Canadiens’ Harris Deserves King Clancy Recognition

After playing in ten games during the 2021-22 season, Jordan Harris opened a small glimpse into the future of the Montreal Canadiens blue line. In the last game of the season, he registered his first NHL goal to open the scoring in a game that the Habs won 10-2 against the Florida Panthers. While the end of the season left the Canadiens in last place, it also left fans with hope for brighter days.

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Fast forward to the following season, Harris took on a much larger role than he expected. A blue line riddled with injuries, the Canadiens’ management relied heavily on its youth to carry to load. At 22 years of age, Harris did the best he could to fill in a top-four role and put up a respectable 17 points in 65 games while spending time with the likes of Jonathan Kovacevic and David Savard.

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The King Clancy Memorial Trophy is awarded to the player who best exemplifies leadership qualities, both on and off the ice, while becoming a contributing member of the community. There’s no confusion surrounding the Canadiens’ decision to nominate Harris, as the youngster went from rookie to leader in just one season.

Harris Made Several Appearances for Good Causes

Showing the maturity of a seasoned veteran, Harris was an active member of several great causes. An advocate for marginalized people as a person of mixed race, he took the opportunity to use his platform during Black History Month to discuss important issues regarding discrimination and racism. Harris also took part in the Inuit Games, taking to the ice with 15 youngsters from a community organization known as Native Montreal and giving them a day they won’t soon forget.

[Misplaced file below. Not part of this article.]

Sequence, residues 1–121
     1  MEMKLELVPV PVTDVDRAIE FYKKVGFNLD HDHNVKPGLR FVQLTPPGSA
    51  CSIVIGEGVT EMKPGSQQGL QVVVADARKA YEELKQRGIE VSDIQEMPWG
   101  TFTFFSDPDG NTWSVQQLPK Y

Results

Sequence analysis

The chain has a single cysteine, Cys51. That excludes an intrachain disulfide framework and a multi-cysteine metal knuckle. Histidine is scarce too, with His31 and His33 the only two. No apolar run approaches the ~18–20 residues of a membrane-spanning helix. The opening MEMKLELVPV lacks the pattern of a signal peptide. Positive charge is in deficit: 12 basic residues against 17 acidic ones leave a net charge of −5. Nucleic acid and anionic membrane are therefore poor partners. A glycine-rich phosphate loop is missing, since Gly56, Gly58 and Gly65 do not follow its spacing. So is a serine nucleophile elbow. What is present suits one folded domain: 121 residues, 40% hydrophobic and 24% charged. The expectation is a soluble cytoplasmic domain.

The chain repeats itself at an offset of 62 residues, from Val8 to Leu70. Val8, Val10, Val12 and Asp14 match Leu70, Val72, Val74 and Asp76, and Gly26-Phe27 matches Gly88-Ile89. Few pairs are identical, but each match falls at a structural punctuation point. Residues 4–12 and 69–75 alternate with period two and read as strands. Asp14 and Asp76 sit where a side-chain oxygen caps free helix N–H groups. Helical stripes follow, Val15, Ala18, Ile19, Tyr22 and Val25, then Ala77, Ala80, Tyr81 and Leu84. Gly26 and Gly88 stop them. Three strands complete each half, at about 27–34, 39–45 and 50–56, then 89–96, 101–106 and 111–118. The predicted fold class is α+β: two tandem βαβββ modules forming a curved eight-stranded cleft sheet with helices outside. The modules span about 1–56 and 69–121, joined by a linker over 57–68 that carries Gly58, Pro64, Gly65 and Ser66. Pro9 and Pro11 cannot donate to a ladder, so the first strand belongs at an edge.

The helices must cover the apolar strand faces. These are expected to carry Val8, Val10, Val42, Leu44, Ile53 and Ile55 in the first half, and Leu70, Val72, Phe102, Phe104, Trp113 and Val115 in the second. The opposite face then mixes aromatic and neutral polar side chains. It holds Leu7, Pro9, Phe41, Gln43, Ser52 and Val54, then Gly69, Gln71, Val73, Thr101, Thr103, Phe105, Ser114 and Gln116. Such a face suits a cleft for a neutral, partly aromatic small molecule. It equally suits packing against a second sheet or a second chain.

Jordan Harris Montreal Canadiens
Jordan Harris, Montreal Canadiens (Jess Starr/The Hockey Writers)

Harris also participated in several minor hockey events in the province, taking part in practices with youth teams and participating in the Patrice Bergeron ProAM. The Montreal Canadiens Children’s Foundation also held public skate sessions with the players, and among the familiar faces was a smiling Harris, always excited to be surrounded by his young fans.

Montreal Community Means Everything to Harris

Playing for one of the most coveted sports franchises in the world, it’s easy to get lost in the glitz and glamour of Montreal fame. As a 22-year-old, Harris exemplifies everything required to succeed in the city, including embracing the honour of playing for the Canadiens. In an episode of the Popternative podcast, Harris described what it meant to him to be a part of a team with the history of the Habs.

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“One thing I’m excited about is to be a part of the community,” stated Harris during the summer of 2022. Community engagement and embracing his background have always been vital to his upbringing, as evidenced by his contributions this year. Coached by his father during his minor hockey days, Harris learned firsthand what it meant to be a participating community member.

Jordan Harris Montreal Canadiens
Jordan Harris, Montreal Canadiens (Jess Starr/The Hockey Writers)

“He coached me and my brother growing up, so everyone knows him around the area as a hockey coach,” Harris said in an interview for the Canadiens YouTube page. “It’s not just okay just to be a hockey player. I think part of that becomes a responsibility to give back and share your experiences.” Thanks to his upbringing and understanding of the sport’s continuing issues, Harris strives to be a voice for the youth who may have doubts about being included in hockey.

As a voice for minorities, a regular among youth program-organized events, and someone who has fully embraced the culture of Montreal, there is no better member of the Canadiens organization than Harris. It may be unprecedented for a rookie to receive a nomination, but Harris could become the first Canadiens player to win the King Clancy Memorial Trophy since 2007 when Saku Koivu earned the honour.